When an old enemy, the Cylons, resurface and obliterate the 12 colonies, the crew of the aged Galactica protects a small civilian fleet - the last of humanity - as they journey toward the fabled 13th colony of Earth.
Two families, the Graystones and the Adamas, live together on a peaceful planet known as Caprica, where a startling breakthrough in artificial intelligence brings about unforeseen consequences. A spin-off of the Sci Fi Channel series "Battlestar Galactica" set 50 years prior to the events of that show.
When the initial Cylon attack against the Twelve Colonies fails to achieve complete extermination of human life as planned, twin Number Ones (Cavils) embedded on Galactica and Caprica must improvise to destroy the human survivors.
Edward James Olmos
Edward James Olmos,
Two brothers lose their mother to an incurable disease. With the power of "alchemy", they use taboo knowledge to resurrect her. The process fails, and as a toll for using this type of ... See full summary »
A prequel series, set 100 years before the original Star Trek series, which focuses on the early years of Starfleet, leading up to the formation of the Federation and the Earth-Romulan Wars. The series is set aboard the Earth ship Enterprise NX-01, captained by Jonathan Archer.
The second war against the Cylons is over and The Twelve Colonies have been destroyed. Now Commander Adama of the Battlestar Galatica and President Laura Roslin lead a ragtag fleet of refugees in a supposed search for the fabled lost thirteenth colony, Earth. However, the dangers they face are many which compound an already difficult situation. In addition to the Cylons hunting and attacking the fleet in space, their infiltrator units carry out a more subtle plot even as their former unwitting pawn, Gaius Baltar, helps in the hunt for them while hiding both his own guilt and the strange presence that haunts his every thought. If that wasn't enough, the fleet also faces internal political conflict in which the rabble-rousing figure, Tom Zarek, is merely the loudest dissenting voice. In the midst of these trials however, clues begin to appear that suggest that Adama's simple bluff about Earth may be more truthful than anyone could have guessed. Written by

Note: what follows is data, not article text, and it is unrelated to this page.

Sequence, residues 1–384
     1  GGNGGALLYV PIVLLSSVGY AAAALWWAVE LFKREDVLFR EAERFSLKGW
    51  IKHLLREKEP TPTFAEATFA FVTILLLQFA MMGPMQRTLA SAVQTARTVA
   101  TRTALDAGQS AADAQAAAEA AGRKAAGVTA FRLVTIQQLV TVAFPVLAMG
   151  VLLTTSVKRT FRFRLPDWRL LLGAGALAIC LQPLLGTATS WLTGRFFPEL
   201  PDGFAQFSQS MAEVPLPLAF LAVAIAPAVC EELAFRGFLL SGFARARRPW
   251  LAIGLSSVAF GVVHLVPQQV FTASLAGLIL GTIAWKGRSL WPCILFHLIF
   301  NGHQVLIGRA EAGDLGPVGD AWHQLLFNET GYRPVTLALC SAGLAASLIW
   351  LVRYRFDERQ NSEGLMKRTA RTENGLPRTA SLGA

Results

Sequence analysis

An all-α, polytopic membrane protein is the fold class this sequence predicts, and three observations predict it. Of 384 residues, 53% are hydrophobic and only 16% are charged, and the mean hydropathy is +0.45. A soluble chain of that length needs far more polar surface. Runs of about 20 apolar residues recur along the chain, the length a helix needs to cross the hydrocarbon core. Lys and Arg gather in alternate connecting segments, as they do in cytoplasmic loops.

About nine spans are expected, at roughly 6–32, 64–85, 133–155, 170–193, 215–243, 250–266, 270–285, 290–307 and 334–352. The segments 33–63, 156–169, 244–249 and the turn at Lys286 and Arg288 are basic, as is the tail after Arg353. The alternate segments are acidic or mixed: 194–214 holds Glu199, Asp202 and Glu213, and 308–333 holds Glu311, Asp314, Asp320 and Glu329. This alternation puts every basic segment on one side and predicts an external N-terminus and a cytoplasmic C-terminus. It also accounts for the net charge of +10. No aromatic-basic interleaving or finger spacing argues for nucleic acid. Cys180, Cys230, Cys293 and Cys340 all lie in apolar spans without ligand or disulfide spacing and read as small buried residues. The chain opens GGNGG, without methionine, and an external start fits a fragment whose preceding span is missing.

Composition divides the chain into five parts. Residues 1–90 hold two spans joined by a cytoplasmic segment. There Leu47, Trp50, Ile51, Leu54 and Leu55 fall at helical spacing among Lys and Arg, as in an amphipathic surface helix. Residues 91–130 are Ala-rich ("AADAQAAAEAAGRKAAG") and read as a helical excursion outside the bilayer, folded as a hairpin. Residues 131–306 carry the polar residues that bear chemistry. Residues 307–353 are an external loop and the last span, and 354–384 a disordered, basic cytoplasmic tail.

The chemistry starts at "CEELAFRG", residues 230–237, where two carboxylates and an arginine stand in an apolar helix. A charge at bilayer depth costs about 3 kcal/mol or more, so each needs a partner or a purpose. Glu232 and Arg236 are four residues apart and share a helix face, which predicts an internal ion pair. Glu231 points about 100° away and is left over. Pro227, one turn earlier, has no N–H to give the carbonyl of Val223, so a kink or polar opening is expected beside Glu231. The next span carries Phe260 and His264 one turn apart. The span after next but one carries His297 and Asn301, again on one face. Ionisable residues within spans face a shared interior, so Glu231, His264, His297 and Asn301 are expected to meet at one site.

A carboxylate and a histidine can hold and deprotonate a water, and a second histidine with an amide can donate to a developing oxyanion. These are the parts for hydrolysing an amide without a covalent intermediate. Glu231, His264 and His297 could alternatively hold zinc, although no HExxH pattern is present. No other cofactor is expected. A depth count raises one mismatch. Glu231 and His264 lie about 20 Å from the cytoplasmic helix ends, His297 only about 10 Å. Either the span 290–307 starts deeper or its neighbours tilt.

Kenneth Chisholm (firstname.lastname@example.org)
At the end of the closing credits, there is a different, short cartoon skit of the two producers, Ronald Moore and David Eick, which usually ends with one causing the death of the other in some imaginative way. See more »
I am a die hard devoted Trekker. No other show can come close to the series I hold so dear to my heart.... or can it? I watched the mini series on sci-fi expecting to be disappointed. What happened in reality was a show I will honestly say is second to none, the best science fiction out there. The story lines are top notch, the struggles make you feel for the characters, you really get into this show. (that and I have never found a robot so hot before. Did I just say that out loud?) The way the camera moves makes you feel like you are looking out a port hole at the action outside. Its not like other shows, this is hard hitting, nitty-gritty sci-fi. Unlike what we have been led to think the future is not all bright and promising , the future is bleak, hard and depressing. The technology we thought would make our lives easier will in fact be the end of our lives (FEAR THE MACHINE!!) Bad toaster. It is 4 seasons (and final sadly) in and still as entertaining as ever. It will be a sad day for geeks everywhere when the series finale airs. But at least we can live in the knowledge that we were here to see the series to end all series. So Say We All.
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